At six pounds 13 ounces, the Reverse Combi is the heaviest of the eight new-for-2005 shelters we testedand is probably the most tent you'll want to carry. But this Gear of the Year's thoughtful design and creature comforts threw our usual light-is-right rules out the mesh window. Perhaps bigger is better.
1. When you're not obsessing over pounds, you can draw from a more appetizing menu of features: The Reverse Combi's color-coded webbing speeds setup; pole tips lock into grommets for stability; and doors tuck nicely into side pockets to stay clean and out of the way.
2. If the Combi feels roomier than its 4.5-by-seven-foot floor plan suggests, it's not the single-malt talking. Sierra Designs cleverly located varying diameter pole sections to create steeper walls and more living space than other similarly configured tents.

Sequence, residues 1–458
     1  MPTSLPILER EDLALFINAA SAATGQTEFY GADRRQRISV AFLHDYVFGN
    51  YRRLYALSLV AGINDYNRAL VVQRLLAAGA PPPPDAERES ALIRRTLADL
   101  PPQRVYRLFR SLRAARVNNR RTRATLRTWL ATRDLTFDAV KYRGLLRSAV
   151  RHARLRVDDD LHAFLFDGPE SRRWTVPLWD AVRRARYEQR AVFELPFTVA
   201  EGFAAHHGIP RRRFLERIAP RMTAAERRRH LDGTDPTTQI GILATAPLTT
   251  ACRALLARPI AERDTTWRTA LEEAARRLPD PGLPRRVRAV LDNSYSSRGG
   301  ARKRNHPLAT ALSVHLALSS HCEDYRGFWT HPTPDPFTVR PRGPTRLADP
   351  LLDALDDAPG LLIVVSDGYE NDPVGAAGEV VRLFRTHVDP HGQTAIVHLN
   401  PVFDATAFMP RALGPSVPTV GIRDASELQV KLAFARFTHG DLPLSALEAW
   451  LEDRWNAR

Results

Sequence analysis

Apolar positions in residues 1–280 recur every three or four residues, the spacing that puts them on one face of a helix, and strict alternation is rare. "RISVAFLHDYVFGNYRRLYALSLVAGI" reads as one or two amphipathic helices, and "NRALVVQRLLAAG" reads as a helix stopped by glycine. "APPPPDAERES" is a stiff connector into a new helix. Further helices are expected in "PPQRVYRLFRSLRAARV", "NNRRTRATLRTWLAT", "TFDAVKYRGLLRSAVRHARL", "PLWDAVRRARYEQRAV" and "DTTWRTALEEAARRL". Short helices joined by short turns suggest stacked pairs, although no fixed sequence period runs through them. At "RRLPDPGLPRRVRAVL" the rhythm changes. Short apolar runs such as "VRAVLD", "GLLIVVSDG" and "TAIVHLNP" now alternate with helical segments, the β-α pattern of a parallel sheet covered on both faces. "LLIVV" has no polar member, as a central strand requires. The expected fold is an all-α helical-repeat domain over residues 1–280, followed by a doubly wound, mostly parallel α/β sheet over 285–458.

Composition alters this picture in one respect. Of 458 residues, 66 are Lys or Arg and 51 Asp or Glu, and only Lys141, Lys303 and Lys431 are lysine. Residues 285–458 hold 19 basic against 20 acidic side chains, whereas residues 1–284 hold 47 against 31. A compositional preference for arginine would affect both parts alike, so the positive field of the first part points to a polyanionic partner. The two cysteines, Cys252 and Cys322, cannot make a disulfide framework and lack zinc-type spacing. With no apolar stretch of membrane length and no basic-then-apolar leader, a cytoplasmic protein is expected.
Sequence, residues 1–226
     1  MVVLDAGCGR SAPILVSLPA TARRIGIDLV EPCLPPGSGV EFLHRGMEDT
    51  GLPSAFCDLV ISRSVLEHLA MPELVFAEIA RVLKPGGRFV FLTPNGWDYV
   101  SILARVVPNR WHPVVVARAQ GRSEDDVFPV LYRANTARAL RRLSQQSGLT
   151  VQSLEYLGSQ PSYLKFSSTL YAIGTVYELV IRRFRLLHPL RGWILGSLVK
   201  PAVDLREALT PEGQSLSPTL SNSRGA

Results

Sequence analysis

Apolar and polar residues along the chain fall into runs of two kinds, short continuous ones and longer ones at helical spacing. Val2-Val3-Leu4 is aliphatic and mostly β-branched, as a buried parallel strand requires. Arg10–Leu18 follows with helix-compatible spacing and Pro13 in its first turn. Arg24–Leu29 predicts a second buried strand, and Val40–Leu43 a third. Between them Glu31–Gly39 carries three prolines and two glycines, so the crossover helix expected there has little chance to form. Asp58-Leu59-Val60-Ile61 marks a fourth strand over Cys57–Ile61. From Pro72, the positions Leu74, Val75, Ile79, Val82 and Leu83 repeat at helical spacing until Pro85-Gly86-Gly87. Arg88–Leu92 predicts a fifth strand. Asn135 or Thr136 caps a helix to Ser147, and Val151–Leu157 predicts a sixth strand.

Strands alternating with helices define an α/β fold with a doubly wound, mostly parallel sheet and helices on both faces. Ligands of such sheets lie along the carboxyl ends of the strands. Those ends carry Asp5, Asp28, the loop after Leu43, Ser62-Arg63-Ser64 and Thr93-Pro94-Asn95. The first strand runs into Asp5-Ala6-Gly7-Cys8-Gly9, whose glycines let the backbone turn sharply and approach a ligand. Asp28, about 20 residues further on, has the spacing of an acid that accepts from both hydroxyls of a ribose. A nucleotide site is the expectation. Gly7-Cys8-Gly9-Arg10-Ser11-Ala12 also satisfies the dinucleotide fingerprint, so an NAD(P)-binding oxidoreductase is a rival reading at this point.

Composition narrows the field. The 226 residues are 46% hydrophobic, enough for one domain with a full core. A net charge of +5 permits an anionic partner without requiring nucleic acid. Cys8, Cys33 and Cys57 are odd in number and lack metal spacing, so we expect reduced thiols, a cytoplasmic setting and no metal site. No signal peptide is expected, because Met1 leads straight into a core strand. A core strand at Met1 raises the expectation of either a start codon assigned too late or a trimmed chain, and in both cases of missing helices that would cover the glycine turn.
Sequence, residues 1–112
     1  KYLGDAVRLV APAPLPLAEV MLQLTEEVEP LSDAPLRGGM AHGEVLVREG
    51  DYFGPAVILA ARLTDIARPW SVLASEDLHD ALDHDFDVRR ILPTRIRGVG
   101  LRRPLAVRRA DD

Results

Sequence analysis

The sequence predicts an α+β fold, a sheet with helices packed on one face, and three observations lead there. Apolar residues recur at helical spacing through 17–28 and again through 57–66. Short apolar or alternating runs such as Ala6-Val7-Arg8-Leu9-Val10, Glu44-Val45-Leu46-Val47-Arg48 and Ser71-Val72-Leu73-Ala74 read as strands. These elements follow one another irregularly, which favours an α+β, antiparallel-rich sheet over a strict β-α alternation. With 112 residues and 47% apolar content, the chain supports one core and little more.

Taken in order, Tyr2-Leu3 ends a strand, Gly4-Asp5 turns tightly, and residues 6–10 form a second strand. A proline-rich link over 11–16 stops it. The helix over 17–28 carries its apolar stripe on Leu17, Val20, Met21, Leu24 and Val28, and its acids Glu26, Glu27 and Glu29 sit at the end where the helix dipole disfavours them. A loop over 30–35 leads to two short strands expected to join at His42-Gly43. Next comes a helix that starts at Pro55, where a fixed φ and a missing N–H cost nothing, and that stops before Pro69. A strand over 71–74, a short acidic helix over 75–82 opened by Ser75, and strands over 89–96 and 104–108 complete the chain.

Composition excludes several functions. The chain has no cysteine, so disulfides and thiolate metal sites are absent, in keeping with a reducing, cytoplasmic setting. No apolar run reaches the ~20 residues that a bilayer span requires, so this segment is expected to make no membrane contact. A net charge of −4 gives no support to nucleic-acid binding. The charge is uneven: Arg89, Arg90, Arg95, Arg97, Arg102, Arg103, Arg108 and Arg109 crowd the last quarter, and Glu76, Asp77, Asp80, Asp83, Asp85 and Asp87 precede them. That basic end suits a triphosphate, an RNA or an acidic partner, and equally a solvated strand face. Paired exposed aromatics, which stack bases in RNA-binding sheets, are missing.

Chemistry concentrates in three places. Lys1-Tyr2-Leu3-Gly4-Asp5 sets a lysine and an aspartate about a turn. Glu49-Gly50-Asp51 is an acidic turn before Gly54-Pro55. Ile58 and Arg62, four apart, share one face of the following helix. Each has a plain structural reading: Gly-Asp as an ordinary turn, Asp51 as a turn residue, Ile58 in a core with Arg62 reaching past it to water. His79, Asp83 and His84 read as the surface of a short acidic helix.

3. While many of today's tents are cut prosciutto-thin to shave ounces, this shelter's floor, body, and fly are made of heavier-gauge 70-denier nylon or taffeta nylon. With a new antimicrobial finishdesigned to head off potential stuffsack funkthe Combi conveys a reassuring air of solidity; I expect it will still be inviting abuse in 2015.
4. Many side-entry tents have just one door, and heeding nature's call can also mean waking up your camping chum. Luckily, the Combi gives each occupant an escape route. Another twofer: dueling 11-square-foot vestibules, each with a door that rolls up and out of the way.
5. With the rain fly staked out taut, the dome hunkered down like a tortoise, scarcely shuddering during a night of meteorological Sturm und Drang below Washington's Mount Stuart. One quibble: The vestibules have pretty small windows.